One of the collections in Indigenous Peoples is the FBI Library’s file on the Osage murders. From 1921-1923, over two dozen residents of the Osage reservation in Oklahoma were killed by an unknown assailant. In response, the community requested the assistance of the young FBI, called the BOI (Bureau of Investigation) at the time and still one year shy of J. Edgar Hoover in the director’s seat. The motive for this brutal spree was a vast oil supply discovered on reservation lands in the late 19th century. Each Osage resident received a “headright,” or portion of the oil profits, which made them both exceedingly wealthy and targets for unscrupulous and violent con men. The FBI’s investigation revealed that white settler William K. Hale, who moved to the area during the Oklahoma Land Rush, concocted a plan to inherit these headrights: his nephew, Ernest Burkhart, married an Osage woman, Mollie Kyle. Hale then orchestrated the murder of Kyle’s extended family.
By the time the FBI unraveled these details, Burkhart’s family was set to inherit over $2 million in headright funds; his wife was also being slowly poisoned. Burkhart was arrested in early 1926 and confessed his role in the scheme. Hale and Burkhart were both convicted of murder, but justice was hardly served: of the two dozen murders for which they were responsible, Hale was convicted only for the murder of Henry Roan, and Burkhart for W.E. and Rita Smith. Both were eventually paroled, with Burkhart also receiving a gubernatorial pardon.
Through a combination of browsing and searching, you can access documentary evidence collected by the FBI and preserved in Indigenous Peoples. The files include letters, official reports, telegrams, and newspaper articles, many between head field agent T.B. White and J. Edgar Hoover (sometimes using the names One Hoover and Two White).
Searching electronic versions of archival collections can be a challenge. In Indigenous Peoples, each collection comes from a different institution, so the level of description, division of documents, and quality of scanning varies. For that reason, I find it’s best to decide how to search on a collection-by-collection basis. Indigenous Peoples seems to agree: they adjust the available filters and search boxes, depending on the collection, to fit the documents.
The FBI Library’s Osage case files are grouped into larger sections, like boxes in a physical archive. Notes, a brief item listing similar to what you might see in a finding aid, are located below the image viewer and include helpful hyperlinks. Since filters don’t work too well with such large groups of disparate documents, searching is your best bet. Be sure to select the Allow variations box, as it gives you some leeway for spelling differences or faulty image-to-text transcription. The search tool also looks in the Notes and metadata for results. However, be wary when your documents have intricate handwriting, or when the quality of the scan is poor. (Many of these collections were digitized from microfilm, and their legibility sometimes suffers as a result.) These pages may not be fully searchable.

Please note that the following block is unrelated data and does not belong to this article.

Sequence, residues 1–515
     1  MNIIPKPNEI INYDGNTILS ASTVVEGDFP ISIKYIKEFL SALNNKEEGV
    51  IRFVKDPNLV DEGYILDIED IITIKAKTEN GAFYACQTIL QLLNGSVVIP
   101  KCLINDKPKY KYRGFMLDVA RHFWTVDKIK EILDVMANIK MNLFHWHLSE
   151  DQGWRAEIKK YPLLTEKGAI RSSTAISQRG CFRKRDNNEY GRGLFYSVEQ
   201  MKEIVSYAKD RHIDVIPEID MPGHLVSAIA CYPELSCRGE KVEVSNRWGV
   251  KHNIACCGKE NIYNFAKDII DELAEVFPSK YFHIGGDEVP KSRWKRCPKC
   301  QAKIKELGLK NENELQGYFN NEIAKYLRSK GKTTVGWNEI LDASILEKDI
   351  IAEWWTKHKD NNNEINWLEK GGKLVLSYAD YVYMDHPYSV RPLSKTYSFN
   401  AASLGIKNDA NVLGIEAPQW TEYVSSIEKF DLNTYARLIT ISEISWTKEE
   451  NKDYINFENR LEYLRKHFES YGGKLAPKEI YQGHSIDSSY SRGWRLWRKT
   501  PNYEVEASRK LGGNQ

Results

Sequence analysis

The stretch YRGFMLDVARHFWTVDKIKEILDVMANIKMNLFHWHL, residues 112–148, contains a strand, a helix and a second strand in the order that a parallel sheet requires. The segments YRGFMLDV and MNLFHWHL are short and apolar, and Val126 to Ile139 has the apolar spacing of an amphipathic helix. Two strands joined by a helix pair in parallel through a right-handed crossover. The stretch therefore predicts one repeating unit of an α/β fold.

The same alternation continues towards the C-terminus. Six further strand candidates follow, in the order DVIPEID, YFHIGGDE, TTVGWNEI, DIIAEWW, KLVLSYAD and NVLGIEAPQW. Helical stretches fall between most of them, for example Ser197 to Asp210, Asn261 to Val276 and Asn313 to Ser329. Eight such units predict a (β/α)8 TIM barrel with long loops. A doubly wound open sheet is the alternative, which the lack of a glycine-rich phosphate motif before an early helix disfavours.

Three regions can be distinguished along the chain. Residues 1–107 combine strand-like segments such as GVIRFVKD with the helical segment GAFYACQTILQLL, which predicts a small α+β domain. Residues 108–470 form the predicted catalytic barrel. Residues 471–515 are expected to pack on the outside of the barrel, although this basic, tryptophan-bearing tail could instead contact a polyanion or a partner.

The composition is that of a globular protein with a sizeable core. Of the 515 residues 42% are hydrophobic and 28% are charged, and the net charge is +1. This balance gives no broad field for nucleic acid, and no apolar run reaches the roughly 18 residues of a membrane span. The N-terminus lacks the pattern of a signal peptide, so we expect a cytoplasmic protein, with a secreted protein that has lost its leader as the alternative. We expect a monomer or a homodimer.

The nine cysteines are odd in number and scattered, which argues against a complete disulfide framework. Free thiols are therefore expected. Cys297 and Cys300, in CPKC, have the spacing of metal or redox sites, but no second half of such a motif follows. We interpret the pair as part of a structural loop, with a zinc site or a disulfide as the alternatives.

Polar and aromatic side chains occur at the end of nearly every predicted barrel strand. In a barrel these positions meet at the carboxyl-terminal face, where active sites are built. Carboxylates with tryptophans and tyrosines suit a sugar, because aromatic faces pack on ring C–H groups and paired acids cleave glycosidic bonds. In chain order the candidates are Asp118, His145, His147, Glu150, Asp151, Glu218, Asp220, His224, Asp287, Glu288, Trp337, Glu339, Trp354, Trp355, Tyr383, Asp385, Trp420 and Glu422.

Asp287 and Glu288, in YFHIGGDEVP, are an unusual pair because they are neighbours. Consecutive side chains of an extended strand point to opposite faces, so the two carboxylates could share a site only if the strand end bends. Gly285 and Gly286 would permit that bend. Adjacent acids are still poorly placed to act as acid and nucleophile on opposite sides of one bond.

If you want to search through more databases than just Indigenous Peoples, select Extend Your Search at the top of your screen to open Artemis Primary Sources (or get there directly from the Artemis link on NYPL’s Articles and Databases page). Artemis searches across 16 different Gale Cengage primary source databases — or, you can pick and choose which databases to include with Advanced Search. It’s especially helpful if you’re interested in historical periodicals, as most of the Artemis databases specialize in digitized newspapers, magazines, and news pamphlets.
So, don't be shy — rip off the bow and wrapping paper, and start finding the treasures held within these brand new e-resources.
Can't get enough e-resources? Explore all of our databases, or our master list of available electronic newspapers, journals, magazines, and other periodicals. And if you experience any problems with one of our databases, please let us know.
On Sunday morning, July 30, 1916, at 2:08 a.m., one of the worst terrorist attacks in American history took place at Black Tom Island, New Jersey, a shipping facility located in New York Harbor. Under cover of darkness, German agents detonated more than 2 million pounds of ammunition that was awaiting shipment to England. The explosion—the equivalent of an earthquake measuring 5.5 on the Richter scale—was felt and heard as far away as Philadelphia and southern Connecticut. Windows were shattered across Manhattan, Brooklyn, and Jersey City, and to this day the torch of the Statue of Liberty remains closed to visitors due to the damage it sustained from flying shrapnel. Amazingly, though dozens of dock workers, fire fighters, and civilians were injured, fewer than 10 people lost their lives in the blast.
Initially, the cause of the explosion was unclear. Almost before the fires were extinguished, however, multiple explanatory theories were put forth, with hypotheses ranging from the spontaneous combustion of unstable munitions to sparks from a passing freight train. Some initial evidence seemed to point to dock workers who, in an effort to ward off the clouds of mosquitoes that swarmed the waterfront, had carelessly lit smoke pots, sparking fires that subsequently ignited the ordnance. Most Americans, though, goaded by sensational stories in the press, soon began to subscribe to a more sinister line of speculation: that is, that German operatives or sympathizers had blown up the ammunition to prevent it from being shipped to, and used by, the Allies.